OPINION: Some of the best referees in rugby are South African. But one eyebrow-raising piece of research reveals they might also be the most inclined to favour the home team.
Those who have followed the fortunes of All Blacks teams on their tours of the republic back in the good old days of the game will probably not be surprised, but it would appear that South African rugby teams in Super Rugby receive somewhat of a dream ride at the hands of referees from their own country.
And if the Sanzaar organisation, which claims to preside over the best interests of the combined southern hemisphere competitions, does not pay attention to the piece of number-crunching revealed by Aussie website Green and Gold Rugby on Monday, then it quite simply is not doing its job.
Test rugby, thankfully, no longer suffers from any perceptions of referee bias thanks to a neutral appointments policy that has been in place for some time now. The bad old days of the “16th man” are now well and truly over.
But the same cannot be said of the Super Rugby competition which a while back abandoned the neutral referee concept in favour of a merit-based appointment process. That often sees “home” officials taking charge of matches against offshore sides and certainly opens up the possibility of unfair treatment.
According to the numbers crunched by a Green and Gold Rugby contributor, latest trends in this area are somewhat alarming and revel a major advantage in terms of penalties awarded to South African teams against overseas opposition when refereed by South African referees.
A perusal of social media channels does not always reveal the most considered and well-researched pieces of work, but on Monday morning it was hard not to be impressed by the piece of data-crunching undertaken by one researcher that found its way on to the Green and Gold Rugby forum, and was subsequently promoted by the website on its social media channels.
The researcher pored through the penalty counts from matches in Super Rugby back to the 2017 season involving teams playing offshore sides while being refereed by an official from their own country.
The findings are surely deserving of scrutiny from Sanzaar officials who must prioritise the preservation of the integrity of the competition.
According to the G&G Rugby research, the penalty counts in the qualifying matches showed: Australia – 15 wins (counts in their favour), 8 losses, 3 draws; New Zealand – 16 wins, 21 losses, 2 draws; South Africa – 36 wins, 7 losses, 3 draws; Argentina – 3 wins, 0 losses, 0 draws.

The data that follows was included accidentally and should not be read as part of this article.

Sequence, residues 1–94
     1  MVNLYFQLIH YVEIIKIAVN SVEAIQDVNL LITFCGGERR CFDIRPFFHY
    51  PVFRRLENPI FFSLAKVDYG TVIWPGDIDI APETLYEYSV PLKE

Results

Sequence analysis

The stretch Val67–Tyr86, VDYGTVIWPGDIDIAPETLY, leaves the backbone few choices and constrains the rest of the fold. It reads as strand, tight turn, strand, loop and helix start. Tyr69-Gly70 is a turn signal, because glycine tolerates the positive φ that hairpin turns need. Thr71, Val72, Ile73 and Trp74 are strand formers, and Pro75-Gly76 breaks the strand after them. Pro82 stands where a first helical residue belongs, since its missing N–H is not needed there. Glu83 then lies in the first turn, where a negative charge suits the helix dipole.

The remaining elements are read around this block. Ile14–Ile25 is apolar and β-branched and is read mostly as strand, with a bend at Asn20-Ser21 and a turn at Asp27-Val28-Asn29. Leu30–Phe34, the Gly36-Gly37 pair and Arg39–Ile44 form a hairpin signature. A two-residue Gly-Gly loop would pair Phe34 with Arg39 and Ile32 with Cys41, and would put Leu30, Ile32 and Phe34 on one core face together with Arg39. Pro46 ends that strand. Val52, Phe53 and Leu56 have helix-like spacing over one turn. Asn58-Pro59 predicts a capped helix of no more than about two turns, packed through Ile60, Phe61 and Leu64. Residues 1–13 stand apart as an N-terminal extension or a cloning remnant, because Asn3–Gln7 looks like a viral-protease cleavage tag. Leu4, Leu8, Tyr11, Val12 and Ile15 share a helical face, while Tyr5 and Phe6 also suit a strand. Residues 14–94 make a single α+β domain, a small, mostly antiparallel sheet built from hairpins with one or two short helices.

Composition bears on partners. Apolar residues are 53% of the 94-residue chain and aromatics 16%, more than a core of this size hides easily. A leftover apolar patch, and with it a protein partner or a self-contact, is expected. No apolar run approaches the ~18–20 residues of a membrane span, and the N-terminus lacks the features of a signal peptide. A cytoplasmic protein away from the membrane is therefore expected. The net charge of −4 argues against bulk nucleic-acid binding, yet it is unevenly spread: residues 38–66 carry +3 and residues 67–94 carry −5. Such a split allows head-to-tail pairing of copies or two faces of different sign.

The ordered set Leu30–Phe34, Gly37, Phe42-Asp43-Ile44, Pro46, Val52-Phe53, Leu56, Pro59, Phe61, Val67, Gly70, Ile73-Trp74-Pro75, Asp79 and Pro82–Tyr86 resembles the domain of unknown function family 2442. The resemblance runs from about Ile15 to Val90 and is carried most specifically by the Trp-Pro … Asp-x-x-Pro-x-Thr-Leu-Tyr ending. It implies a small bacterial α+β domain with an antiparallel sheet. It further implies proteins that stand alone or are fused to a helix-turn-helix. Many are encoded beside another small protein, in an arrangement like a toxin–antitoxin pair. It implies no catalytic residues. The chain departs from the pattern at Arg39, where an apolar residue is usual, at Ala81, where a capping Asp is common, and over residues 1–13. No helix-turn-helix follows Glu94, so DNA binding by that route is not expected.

What’s more, the penalty plus/minus account further backs up the vivid perception that South African teams get some fairly favourable treatment in terms of penalties awarded from their own referees.
Super Rugby ‘home town refs’ penalty awarded differential since 2017:
New Zealand (-15)
South Africa (+159)
Yes, that’s right, +159 pic.twitter.com/DkIg8cTAvx
— Green and Gold Rugby (@GAGR)
The penalty +\- in matches refereed by a home official against offshore opposition: Australia +16; New Zealand -15; South Africa +159; Argentina +19.
The number-cruncher also noted that South African sides had only lost two of the last 29 penalty counts in the republic when refereed by a “home” official. The biggest differential in a single match was the +19 afforded the Lions in a clash against the Rebels last year in which Egon Seconds whistled a 20-1 advantage to the home side as they roared back from a 33-5 deficit to win 36-33.
Now, there are some things to be considered here. The sample size of the Jaguares games is a small one and might not be as indicative as the more broader numbers from New Zealand, Australia and South Africa.
Also, the research does not analyse the accuracy of the decisions and purely presents the numbers. It’s possible teams deserved high penalty counts against them in some of these matches.
But if perception is the gateway to reality, then Super Rugby at the very least has some major issues around the fairness of its officials when they are asked to referee teams from their own country against those from other nations.
On Sunday in Buenos Aires the Jaguares were penalised just three times to the 13 infringements whistled against the Reds by Argentine referee Federico Anselmi as the home side roared back to roll the Queenslanders 43-27.
That lopsided count may indeed have been a fair one (though not if you read Australian media reports of the contest). But because it was dished out by a home country referee, then the possibility of bias hangs over the match like a long, dark cloud.
The fix is easy. Go fully neutral. There is a cost, but is it greater than the blows being suffered to the integrity of the sport itself?
Food for thought certainly. Do not hold your breath waiting for a lightning response from Sanzaar.
This content was originally published here.